I’ve been doing this long enough to know that you have to hit minimum orders through the supplier. Unless you have endlessly deep pockets and this was just a hobby of yours and you were cool with losing money, you can’t really operate a business any other way. We’re small and we have to be profitable from day 1 in order to pay for these guys like Ben Gore or Jordan Sanchez to have a career in skateboarding. But again, you’ve got to be careful about how far you extend out and who you sell to.
I think there’s a little ground rule of what we set for ourselves. I only want to sell to places that actually sell skateboard parts like decks and trucks and wheels, not just completes or longboards. We’re going to sell to Zumiez, but we also opened some accounts that we’re so proud of, like Orchard in Boston or Atlas in San Mateo, and Labor in New York. I told them all what our distribution plan was and they knew. We are able to sell to Zumiez and get our sales numbers high enough for our factory to produce and then I can offer the skate shops $55 retail shoes and pay our riders.
“UNLESS YOU HAVE ENDLESSLY DEEP POCKETS AND THIS WAS JUST A HOBBY OF YOURS AND YOU WERE COOL WITH LOSING MONEY, YOU CAN’T REALLY OPERATE A BUSINESS ANY OTHER WAY”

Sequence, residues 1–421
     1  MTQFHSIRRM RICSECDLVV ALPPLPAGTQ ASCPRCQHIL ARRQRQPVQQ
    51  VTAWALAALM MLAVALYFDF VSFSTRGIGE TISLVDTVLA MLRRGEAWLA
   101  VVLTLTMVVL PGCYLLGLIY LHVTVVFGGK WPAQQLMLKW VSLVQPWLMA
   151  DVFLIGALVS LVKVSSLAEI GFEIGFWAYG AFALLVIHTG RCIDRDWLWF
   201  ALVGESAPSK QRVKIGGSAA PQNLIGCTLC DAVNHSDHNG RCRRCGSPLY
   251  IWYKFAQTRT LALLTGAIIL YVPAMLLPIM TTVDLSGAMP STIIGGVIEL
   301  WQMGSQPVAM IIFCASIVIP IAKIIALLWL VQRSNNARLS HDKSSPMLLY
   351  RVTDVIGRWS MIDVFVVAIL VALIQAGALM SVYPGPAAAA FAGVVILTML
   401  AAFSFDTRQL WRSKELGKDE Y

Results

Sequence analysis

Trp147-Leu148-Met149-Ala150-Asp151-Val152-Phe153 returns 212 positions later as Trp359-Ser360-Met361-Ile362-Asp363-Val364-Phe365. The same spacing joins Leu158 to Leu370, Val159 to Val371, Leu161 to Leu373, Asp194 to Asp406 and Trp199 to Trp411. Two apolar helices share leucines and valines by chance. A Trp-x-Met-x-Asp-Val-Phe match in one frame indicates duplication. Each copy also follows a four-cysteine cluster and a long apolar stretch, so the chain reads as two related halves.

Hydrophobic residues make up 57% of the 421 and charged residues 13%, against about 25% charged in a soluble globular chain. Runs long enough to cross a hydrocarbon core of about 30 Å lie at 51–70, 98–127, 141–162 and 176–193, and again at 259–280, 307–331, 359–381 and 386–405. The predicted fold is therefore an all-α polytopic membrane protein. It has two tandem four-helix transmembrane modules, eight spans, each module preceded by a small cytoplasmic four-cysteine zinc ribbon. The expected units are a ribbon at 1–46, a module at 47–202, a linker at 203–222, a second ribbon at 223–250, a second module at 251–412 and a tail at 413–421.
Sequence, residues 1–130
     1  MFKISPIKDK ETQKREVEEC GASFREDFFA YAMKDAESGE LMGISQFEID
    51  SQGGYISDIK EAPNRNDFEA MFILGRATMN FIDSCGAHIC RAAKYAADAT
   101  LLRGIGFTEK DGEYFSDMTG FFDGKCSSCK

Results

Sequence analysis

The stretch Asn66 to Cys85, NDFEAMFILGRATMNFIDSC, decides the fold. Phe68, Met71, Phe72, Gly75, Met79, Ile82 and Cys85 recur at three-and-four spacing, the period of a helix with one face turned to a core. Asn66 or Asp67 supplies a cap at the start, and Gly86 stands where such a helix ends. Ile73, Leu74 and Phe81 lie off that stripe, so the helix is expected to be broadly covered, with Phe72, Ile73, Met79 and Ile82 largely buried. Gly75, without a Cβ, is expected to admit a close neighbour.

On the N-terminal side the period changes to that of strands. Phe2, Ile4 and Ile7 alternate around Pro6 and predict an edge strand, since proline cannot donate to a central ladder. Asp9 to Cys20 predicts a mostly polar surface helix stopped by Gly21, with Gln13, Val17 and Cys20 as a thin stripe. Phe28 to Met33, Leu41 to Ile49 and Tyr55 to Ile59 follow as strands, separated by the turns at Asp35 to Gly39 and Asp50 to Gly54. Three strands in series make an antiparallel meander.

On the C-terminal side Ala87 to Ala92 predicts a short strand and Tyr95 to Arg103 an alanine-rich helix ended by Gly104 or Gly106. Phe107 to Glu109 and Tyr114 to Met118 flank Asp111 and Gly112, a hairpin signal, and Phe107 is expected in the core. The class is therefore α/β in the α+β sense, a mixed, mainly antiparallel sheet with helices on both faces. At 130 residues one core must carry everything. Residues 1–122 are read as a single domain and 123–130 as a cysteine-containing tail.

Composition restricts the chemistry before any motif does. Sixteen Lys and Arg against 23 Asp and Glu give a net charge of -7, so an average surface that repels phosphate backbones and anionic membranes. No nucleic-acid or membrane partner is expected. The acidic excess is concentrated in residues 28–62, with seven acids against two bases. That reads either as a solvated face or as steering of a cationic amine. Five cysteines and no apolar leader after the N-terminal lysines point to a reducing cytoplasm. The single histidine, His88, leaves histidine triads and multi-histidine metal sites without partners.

Did you look at other ways to start up State without selling in Zumiez right away?
It all comes down to the factory. The factory is the one that says the minimum order. To just make one colorway of one shoe, you have to make like 600 pairs. If you did a different outsole or something, you’d have to do something like 2500 pairs just to be able to do it.
So the only thing you could do besides working with Zumiez or a larger mall store would be to self fund the company 3 or 4 years until you were in 300+ domestic independent doors. That way you could meet factory minimums. But I didn’t inherit any money, and I don’t have the ability to do that. I don’t want to speculate but with someone like New Balance, it seems to me like that’s something they have the capability to do. I believe they are the only skate footwear brand that is not in Zumiez.